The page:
Very Rare Russian imprint with only one paper copy found in Worldcat. First dictionary of the language of the small Far Eastern tribe of Orochs inhabiting the Tumnin River basin in the modern-day Khabarovsk Krai of Russia. The dictionary was compiled by a Captain of the Amur Military District Headquarters, Sergey Leontovich during the 1894 expedition, organized “to the survey the Tumnin River Basin for agricultural, forestry and military prospects”. As the author mentioned in the preface, the first Russian-Oroch dictionary by A. Protodiakonov (Kazan, 1888, 48 pp.) which he used during the trip, turned out to be entirely unhelpful, as it was “dedicated to the dialects of the Amur River region, and didn’t contain any notes on the grammar”. This fact urged Leontovich to compile the special dictionary of the Oroch people from the Tumnin River basin - the main area of their settlement. The dictionary includes over 2000 words and is supplemented with the “Notes on the grammar” covering pronunciation, word formation, and main word classes; the folding leaves include tables of the forms of verbs, nouns, and pronouns, basic numbers, and most common phrases (“catch some fish”, “feed the dogs”, “we are eating a bear”, “hit the bear with a big stick”, etc.).
“According to the 2010 census there were 596 Orochs in Russia. Their language, Oroch, is on the verge of extinction” (Wikipedia). Sergey Leontovich graduated from the Poltava military gymnasium (1880), Alexandrovskoye military college in Moscow (1882), and Military Academy of the General Staff in Nikolayev (1891). He served in the Amur Military district (1892-94), Vladikavkaz (1894-97), Ochakov fort (1898-1900), Russian Turkestan (1900-02), and others.


[LAZAREV, Mikhal Petrovich] (1788-1851)
[Steel Engraved Portrait of]: Admiral M.P. Lazarev.

[London], ca. 1840s. Steel engraving, print size ca. 39x34,5 cm (15 ¼ x 13 ½ in) on a large sheet ca. 65,5x48,5 cm (25 ¾ x 19 in). “B.R. Davies direxit., J. Thomson sculpt.” underneath the image. With an engraved title in Russian and Lazarev’s coat of arms engraved on the lower margin. Blank margins with minor repaired tears, horizontal creases on the upper and lower blank margins not affecting the images, overall a very good engraving.
Official portrait of Admiral Mikhail Petrovich Lazarev, Russian naval officer, circumnavigator, and the discoverer of Antarctica. The print engraved in England on the special order of the Russian Naval Ministry shows Lazarev in his late years, as the Chief of Staff of the Black Sea Fleet (since 1832); the Admiral is depicted waist length, dressed in uniform with all his regalia and holding a spyglass under his left arm. His name under the portrait is adorned with the coat of arms of Lazarev noble family.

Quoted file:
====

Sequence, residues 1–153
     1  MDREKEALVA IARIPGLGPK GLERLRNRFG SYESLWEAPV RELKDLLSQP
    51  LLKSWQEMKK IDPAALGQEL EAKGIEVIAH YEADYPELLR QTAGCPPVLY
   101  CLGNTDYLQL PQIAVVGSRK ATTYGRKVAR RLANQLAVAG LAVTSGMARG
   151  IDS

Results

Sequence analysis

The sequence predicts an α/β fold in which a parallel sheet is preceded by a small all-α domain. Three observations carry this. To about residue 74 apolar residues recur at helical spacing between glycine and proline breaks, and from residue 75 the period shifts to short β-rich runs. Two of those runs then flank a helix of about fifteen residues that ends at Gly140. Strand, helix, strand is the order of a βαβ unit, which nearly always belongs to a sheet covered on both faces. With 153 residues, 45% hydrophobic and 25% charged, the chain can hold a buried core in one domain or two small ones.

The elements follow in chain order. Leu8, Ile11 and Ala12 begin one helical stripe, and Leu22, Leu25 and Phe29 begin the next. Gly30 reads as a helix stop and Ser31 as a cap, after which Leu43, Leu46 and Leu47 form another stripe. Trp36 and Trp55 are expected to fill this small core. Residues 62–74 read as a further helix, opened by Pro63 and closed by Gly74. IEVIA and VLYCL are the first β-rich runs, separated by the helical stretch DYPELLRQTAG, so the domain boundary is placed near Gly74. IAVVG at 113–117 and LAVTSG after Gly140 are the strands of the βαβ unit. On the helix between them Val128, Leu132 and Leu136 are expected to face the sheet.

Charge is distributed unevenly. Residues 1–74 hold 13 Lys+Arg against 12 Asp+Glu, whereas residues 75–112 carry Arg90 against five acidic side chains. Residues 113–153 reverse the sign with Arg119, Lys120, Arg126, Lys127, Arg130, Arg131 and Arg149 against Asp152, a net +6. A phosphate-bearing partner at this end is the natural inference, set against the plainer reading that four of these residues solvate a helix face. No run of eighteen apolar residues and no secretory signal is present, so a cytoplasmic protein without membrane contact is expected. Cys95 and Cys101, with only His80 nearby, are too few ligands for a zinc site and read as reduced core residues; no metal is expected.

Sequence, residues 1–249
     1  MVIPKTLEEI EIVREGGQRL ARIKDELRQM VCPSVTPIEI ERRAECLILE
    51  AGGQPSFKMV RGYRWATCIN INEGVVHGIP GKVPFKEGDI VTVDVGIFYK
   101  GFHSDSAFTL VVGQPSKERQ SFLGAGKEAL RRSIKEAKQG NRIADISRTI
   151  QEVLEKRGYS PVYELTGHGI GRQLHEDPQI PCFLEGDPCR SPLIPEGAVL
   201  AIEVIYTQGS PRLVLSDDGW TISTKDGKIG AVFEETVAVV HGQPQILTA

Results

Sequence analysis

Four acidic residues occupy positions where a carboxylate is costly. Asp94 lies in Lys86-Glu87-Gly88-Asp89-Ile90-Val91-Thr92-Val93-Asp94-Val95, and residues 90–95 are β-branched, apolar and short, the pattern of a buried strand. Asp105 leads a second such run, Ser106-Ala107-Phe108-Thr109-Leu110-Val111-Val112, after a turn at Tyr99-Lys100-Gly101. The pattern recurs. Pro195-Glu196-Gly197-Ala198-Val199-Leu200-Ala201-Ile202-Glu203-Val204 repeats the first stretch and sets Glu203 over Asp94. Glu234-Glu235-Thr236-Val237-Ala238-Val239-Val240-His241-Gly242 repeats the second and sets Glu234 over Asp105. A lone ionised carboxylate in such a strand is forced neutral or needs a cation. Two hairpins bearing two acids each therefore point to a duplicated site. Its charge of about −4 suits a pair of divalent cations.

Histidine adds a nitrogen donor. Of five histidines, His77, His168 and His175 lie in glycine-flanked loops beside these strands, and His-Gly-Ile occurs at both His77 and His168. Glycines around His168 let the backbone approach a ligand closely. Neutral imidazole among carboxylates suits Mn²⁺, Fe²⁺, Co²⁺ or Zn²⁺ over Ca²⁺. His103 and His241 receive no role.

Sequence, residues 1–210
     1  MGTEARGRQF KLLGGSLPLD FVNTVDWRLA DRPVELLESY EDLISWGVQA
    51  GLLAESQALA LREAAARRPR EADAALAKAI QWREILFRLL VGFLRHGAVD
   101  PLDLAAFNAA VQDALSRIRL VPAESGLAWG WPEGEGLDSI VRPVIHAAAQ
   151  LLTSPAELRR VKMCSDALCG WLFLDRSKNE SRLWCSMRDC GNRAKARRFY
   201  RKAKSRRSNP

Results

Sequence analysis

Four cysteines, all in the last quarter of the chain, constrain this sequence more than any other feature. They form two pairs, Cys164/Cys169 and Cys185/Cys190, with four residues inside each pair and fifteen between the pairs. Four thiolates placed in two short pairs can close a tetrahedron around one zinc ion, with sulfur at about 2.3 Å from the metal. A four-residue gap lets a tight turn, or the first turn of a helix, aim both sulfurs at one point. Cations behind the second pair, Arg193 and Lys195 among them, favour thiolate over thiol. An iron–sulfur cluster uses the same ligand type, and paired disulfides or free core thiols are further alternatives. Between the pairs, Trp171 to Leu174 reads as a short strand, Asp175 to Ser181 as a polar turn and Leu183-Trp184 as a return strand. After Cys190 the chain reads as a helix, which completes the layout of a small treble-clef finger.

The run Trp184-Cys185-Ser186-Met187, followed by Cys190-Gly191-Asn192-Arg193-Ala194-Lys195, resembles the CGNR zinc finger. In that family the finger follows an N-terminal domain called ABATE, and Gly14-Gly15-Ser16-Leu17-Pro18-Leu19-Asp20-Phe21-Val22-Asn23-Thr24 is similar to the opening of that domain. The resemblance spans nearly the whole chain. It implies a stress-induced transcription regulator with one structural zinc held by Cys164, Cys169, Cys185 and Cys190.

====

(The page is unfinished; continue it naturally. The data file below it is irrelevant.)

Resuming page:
“Lazarev first circumnavigated the globe in 1813–1816, aboard the vessel Suvorov; the expedition began at Kronstadt and reached Alaska. During this voyage, Lazarev discovered the Suvorov Atoll. As a commander of the ship Mirny and Fabian Gottlieb von Bellingshausen's deputy on his world cruise in 1819–1821 (Bellingshausen commanded Vostok), Lazarev took part in the discovery of Antarctica and numerous islands. On January 28, 1820 the expedition discovered the Antarctic mainland, approaching the Antarctic coast at the coordinates 69°21′28″S 2°14′50″W / 69.35778°S 2.24722°W / -69.35778; -2.24722 and seeing ice-fields there. In 1822–1825, Lazarev circumnavigated the globe for the third time on his frigate Kreyser, conducting broad research in the fields of meteorology and ethnography” (Wikipedia). Later Lazarev took part in the Battle of Navarino (1827, part of the Greek War of Independence, 1821-32); was in charge of the naval units of the Baltic Fleet (1830), and became the Commander of the Black Sea Fleet, the Black Sea ports, and military governor of Sevastopol and Nikolayaev (since 1833).


[LOMONOSOV, Mikhail Vasilyevich] (1711-1765)
Proekt Lomonosova i Ekspeditsiya Chichagova; [and:] Kratkoe Opisanie Raznikh Puteshestvii po Severnim Moryam… [Lomonosov’s Project and Chichagov’s Expedition; with: A Brief Description of Various Voyages in the Northern Seas and Indication of a Possible Passage via the Siberian Ocean to the East Indies/ Published by the Hydrographical Department of the Naval Ministry].

Saint Petersburg: Morskaya Typ., 1854. Second enlarged edition. Small Octavo (ca. 17,5x11 cm). [4], c, 150 pp. Period style brown half sheep with marbled papered boards; spine with gilt tooled ornaments and brown gilt lettered title label, new endpapers. Paper slightly age toned, barely visible water stain on several leaves at end of text, but overall a very good copy of this rare book.
Very rare Russian imprint with only five copies found in Worldcat. Special enlarged edition of Mikhail Lomonosov’s project on the exploration of the Northeast Passage, supplemented with the description of two Russian expeditions to the Arctic and Pacific Oceans which were organized on the basis of this project in 1765-66 under command of Vasily Chichagov (1726-1809). The expeditions aimed to find the sea route to the Pacific along the Arctic coast of Siberia and departed from Spitsbergen, but in both cases couldn’t proceed far due to the impenetrable ice.
The book includes the text of Lomonosov’s project (discovered and first published only in 1847), description of Chichagov’s expeditions and several official documents related to it: Imperial decree, official Instruction to Chichagov, correspondence between Lomonosov and Admiralty officials, reports and resolutions by the Admiralty, as well as later descriptions of the expedition made by Gerhard Mueller and Adam von Krusenstern. All supporting documents were discovered in the Admiralty archive in the 1840s. The first edition contains only the text of Lomonosov’s project and no information about Chichagov’s expedition.